The RBI and the government have announced several measures to boost liquidity for NBFCs.
Mumbai: A severe slowdown in vehicle sales and moderate demand in retail housing have led to weak disbursements for almost all non-banking finance companies (NBFCs) and housing finance companies (HFCs) irrespective of their access to funds.
Even as a prolonged monsoon likely affected recoveries during the September quarter, concerns of an acute slowdown over the next few months raise concerns on medium-term asset quality performance. The overhang of wholesale lending book, consistent rating downgrades and increasing defaults continue to make analyst cautious on the sector.
Non-banks are showing clear divergence with select NBFCs/HFCs enjoying a rally in bond markets while others (mostly smaller entities) are struggling for accessing funds even at elevated costs. In this backdrop, the recent impetus by RBI-government to improve liquidity for NBFCs has provided a breather to smaller retail players towards the end of the quarter.
Says M. B. Mahesh, Analyst at Kotak Securities, "While select players like HDFC Ltd, Bajaj Finance, Mahindra Finance and Chola have significantly increased their funding from mutual funds, many others are running down their borrowings from mutual funds. The first set of NBFCs will hence deliver stable/marginal NIM improvement in 2QFY20. Debt markets also seem comfortable in funding government-owned HFCs like LICHF and Canfin Homes. There is a sharp decline in funding costs for HDFC and LICHF in the past one year; this helps these HFCs to compete with banks in retail business wherein decline in repo rate will lead significant reduction in home loan rates under the new floating rate loan regime."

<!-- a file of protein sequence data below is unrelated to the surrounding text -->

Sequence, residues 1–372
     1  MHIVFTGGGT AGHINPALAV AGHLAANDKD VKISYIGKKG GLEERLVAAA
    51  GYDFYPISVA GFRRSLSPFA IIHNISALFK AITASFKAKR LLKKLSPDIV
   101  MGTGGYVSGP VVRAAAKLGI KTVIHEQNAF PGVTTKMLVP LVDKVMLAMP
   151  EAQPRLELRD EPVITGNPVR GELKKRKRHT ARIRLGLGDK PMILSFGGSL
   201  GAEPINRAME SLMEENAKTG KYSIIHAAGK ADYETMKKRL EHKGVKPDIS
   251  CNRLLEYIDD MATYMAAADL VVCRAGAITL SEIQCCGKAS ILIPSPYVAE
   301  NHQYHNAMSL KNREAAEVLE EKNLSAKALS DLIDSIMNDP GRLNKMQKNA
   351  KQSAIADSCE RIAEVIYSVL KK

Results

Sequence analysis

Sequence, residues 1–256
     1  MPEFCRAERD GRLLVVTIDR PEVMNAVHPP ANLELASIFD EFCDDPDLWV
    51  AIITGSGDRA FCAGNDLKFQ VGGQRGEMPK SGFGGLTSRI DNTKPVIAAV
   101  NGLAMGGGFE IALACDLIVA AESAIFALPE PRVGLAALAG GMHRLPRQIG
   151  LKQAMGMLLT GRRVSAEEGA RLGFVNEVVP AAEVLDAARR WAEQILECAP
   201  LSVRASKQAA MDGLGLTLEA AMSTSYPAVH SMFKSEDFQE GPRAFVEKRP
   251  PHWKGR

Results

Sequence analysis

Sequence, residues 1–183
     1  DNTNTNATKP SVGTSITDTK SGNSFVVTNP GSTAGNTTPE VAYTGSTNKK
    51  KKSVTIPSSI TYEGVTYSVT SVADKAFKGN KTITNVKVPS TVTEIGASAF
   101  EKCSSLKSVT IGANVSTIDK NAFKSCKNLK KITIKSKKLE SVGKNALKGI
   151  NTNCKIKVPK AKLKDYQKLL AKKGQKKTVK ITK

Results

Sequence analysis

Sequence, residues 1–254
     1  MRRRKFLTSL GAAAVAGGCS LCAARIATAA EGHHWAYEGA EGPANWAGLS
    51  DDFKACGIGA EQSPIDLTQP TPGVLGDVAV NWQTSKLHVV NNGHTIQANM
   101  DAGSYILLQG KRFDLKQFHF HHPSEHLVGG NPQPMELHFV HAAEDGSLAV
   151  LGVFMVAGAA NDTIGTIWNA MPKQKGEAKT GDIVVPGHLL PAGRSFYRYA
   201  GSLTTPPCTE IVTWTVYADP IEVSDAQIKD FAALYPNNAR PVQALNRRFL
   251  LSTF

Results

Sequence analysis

The RBI and the government have announced several measures to boost liquidity for NBFCs. According to select small NBFCs, these measures have improved access to funding, largely from public banks in the past two-three weeks. As such, these benefits will augur well for their liquidity over the next one to two months mostly in the festive seasons. Concerns on funding challenges from private banks and debt markets continue and funding costs remain elevated. Most NBFCs prefer to run down short-term borrowings/commerical papers and retain high cash on the balance sheet.
Access to funds tempered growth for NBFCs in 1QFY20 (Mahindra and Chola delivered 6 per cent quarter-on-quarter (QoQ) loan growth while Shriram City Union Fin-ance and Shriram Trans-port Finance reported around 2 per cent QoQ).
"We, however, expect loan growth to weaken across-the-board in 2QFY20E, irrespective of their access to funds. Most NBFCs will deliver 3 per cent to 4 per cent QoQ loan growth. The only exception is Bajaj Finance that tends to benefit from its aggressive expansion exercise (even as consumer durable sales have been weak); even for Bajaj, QoQ loan growth will moderate to 6 per cent from 11 per cent in 1QFY20," added Mahesh.
Bhaskar Basu, Equity Analyst at Jefferies India said, "Developer NPAs have increased across most NBFCs/HFCs in 1Q. Stress is widespread, but initial defaults are from mid-tier developers. Consolidation is taking place. Larger developers have managed stress better so far.”
Centrum Broking said, "For asset financers (AFCs), we see a lower asset under management growth at 17 per cent year on year (versus 19.8 per cent sequentially) owing to the auto slowdown. Asset quality for Mahindra & Mahindra Financial Services in terms of provisions may come in lower, thus impacting overall net profit for asset finance companies.”